- It is true: you pay for the quality you get! Source Salba sponsors research, the people that harvest Salba in Peru are paid what they deserve (there is a lot of unfair trade in South American countries), and our seed is the cleanest product you can buy ( we have heard of beetles and grass and stones in chia seed).
    You can draw your own conclusion...
    Jedid's Avatar
    Jedid Posts: 3, Reputation: 1
    New Member
     
    #12

    May 26, 2008, 02:05 PM
    Twinkiedooter, I would like to discuss your response further through email, could you please contact me at jedid@sourcesalba.com? Thank you.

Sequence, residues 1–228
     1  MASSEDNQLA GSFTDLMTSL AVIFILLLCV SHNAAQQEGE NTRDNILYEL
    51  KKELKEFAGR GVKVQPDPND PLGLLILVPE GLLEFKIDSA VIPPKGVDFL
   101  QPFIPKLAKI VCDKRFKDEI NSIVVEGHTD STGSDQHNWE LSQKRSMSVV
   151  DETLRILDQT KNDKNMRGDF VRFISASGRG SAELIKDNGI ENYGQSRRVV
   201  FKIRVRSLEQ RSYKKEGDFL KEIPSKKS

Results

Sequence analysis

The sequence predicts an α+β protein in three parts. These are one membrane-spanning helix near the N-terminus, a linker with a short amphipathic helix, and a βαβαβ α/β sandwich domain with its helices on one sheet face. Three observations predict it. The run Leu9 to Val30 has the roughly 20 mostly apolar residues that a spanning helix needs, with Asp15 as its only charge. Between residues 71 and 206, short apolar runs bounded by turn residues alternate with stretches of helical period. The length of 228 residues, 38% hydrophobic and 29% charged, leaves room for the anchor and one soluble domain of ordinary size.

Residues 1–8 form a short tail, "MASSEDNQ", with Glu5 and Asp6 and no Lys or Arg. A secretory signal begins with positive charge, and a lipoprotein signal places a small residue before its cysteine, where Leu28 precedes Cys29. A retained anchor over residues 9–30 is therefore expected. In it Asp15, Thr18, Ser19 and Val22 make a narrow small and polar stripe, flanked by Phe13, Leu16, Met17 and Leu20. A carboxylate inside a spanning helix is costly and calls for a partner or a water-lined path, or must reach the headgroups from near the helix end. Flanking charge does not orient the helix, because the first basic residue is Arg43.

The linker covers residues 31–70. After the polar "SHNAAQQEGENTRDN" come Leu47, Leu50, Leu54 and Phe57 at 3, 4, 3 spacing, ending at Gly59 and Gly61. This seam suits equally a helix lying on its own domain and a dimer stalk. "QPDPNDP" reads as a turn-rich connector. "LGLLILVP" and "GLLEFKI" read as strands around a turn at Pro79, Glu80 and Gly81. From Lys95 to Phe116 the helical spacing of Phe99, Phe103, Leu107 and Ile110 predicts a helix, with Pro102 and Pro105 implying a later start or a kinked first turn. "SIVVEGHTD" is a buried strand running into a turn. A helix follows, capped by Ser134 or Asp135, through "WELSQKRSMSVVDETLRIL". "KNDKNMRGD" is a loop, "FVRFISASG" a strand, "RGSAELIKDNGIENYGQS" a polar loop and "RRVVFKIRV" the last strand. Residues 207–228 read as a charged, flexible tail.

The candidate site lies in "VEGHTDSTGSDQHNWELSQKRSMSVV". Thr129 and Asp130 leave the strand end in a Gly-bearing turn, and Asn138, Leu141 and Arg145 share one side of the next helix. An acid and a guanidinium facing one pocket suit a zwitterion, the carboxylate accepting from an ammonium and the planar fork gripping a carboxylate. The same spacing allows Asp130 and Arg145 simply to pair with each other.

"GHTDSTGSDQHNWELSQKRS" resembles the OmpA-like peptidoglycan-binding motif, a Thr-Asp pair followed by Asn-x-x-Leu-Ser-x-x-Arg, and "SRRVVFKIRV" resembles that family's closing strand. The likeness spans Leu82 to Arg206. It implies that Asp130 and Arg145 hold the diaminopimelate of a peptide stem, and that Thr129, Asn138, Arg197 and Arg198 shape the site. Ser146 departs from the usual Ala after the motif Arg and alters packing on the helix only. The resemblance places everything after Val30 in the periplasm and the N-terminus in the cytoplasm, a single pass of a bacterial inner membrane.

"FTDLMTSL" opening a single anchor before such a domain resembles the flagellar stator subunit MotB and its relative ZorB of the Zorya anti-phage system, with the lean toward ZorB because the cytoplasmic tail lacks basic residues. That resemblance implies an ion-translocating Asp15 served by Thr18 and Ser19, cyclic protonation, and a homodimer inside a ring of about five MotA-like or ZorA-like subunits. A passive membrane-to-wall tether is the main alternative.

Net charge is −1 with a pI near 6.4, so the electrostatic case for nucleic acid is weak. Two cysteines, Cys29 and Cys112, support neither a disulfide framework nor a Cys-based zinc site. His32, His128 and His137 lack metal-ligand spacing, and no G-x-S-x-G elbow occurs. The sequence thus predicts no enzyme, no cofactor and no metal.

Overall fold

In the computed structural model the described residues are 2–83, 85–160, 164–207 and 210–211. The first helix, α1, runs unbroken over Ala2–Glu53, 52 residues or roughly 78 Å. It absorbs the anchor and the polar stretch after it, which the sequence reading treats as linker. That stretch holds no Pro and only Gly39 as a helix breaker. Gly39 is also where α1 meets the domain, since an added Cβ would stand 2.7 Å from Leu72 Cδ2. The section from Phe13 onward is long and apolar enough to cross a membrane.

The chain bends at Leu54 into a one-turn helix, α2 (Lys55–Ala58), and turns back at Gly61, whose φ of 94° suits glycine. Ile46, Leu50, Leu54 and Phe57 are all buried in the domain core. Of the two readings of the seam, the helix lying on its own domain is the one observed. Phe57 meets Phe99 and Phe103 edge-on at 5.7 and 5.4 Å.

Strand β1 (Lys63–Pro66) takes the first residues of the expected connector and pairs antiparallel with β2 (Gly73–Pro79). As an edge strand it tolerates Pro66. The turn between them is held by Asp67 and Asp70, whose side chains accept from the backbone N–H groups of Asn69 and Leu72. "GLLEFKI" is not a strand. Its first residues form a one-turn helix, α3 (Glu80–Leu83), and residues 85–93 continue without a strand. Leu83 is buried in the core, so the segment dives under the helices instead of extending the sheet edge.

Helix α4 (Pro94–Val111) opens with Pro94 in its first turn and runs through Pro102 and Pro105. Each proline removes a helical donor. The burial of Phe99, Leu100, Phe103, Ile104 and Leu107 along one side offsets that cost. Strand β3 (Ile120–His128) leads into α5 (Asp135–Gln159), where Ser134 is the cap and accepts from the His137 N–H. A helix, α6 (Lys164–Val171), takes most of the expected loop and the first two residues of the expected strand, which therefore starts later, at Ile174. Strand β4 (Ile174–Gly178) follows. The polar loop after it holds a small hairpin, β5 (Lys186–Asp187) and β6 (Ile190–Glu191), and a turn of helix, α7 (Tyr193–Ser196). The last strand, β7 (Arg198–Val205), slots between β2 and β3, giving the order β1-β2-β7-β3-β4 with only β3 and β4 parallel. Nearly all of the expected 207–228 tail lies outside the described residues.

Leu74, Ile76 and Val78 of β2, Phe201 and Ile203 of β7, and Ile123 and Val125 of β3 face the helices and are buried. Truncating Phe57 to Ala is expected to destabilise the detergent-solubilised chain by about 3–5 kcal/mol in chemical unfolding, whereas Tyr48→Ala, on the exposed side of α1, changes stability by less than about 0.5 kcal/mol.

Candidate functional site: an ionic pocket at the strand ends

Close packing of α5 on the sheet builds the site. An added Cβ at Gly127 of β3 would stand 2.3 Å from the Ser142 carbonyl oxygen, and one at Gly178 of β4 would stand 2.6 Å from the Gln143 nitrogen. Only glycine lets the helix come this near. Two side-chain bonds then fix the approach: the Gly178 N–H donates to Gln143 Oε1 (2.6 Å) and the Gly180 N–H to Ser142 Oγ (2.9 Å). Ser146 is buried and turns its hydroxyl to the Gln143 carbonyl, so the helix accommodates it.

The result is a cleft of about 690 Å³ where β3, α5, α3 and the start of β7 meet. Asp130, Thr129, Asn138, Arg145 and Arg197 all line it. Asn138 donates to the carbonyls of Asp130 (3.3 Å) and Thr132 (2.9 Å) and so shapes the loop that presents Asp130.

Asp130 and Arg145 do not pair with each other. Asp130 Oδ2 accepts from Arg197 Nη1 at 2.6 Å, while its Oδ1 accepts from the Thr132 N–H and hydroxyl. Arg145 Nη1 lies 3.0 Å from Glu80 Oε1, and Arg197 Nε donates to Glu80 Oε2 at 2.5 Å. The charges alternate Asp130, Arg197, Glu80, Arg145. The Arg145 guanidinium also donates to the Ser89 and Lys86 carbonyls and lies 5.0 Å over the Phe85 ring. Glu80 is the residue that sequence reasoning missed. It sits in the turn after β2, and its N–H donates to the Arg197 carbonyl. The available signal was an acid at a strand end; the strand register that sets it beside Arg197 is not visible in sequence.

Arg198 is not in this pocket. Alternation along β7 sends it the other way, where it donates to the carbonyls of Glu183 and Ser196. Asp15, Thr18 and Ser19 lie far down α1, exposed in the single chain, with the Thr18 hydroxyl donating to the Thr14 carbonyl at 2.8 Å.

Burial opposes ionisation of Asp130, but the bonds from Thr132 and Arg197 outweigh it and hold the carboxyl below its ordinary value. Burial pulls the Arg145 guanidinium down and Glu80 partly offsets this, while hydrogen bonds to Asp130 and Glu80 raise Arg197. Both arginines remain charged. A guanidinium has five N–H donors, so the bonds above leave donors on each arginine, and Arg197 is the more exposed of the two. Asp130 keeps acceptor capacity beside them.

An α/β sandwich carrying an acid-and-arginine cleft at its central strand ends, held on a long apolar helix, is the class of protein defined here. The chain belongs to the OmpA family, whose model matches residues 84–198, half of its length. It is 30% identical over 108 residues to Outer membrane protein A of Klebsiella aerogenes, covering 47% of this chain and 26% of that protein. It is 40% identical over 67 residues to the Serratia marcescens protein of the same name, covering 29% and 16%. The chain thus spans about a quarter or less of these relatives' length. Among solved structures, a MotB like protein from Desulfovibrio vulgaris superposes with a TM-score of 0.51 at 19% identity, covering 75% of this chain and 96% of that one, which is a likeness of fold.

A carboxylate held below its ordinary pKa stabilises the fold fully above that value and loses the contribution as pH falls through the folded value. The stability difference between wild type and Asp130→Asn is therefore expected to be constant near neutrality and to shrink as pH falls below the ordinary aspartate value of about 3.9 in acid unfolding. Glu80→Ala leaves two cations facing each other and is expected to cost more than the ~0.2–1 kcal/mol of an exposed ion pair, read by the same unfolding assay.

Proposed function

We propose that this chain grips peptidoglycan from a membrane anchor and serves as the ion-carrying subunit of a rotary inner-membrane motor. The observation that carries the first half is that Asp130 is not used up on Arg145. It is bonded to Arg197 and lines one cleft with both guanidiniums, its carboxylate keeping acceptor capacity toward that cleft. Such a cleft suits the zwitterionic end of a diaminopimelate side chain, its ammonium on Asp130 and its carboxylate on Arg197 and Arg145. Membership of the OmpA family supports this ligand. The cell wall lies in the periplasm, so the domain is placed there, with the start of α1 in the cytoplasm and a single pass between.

trrish's Avatar
    trrish Posts: 1, Reputation: 1
    New Member
     
    #13

    Dec 17, 2009, 08:06 PM
    Salba = Whole Chia seeds. There's no need to knock flax seeds. Both are very nutritious, and beneficial in different ways. Some people like flax seeds, some don't. Some like chia, some don't. Chia is kind of cool because you can cook with it.

    A friend of mine started selling "Mila" which is a multi-level marketing version of ground chia seeds. In my opinion, the exorbitant price for Mila is not worth it. I buy my chia for a much more reasonable price at the local health food store.
    lakers140's Avatar
    lakers140 Posts: 1, Reputation: 1
    New Member
     
    #14

    Jan 9, 2012, 10:35 AM
    There are new Salba Recipes available on SalbaSmart.com currently on the left-hand side. They are courtesy of Chef Sal and http://www.evolvewithflavor.com.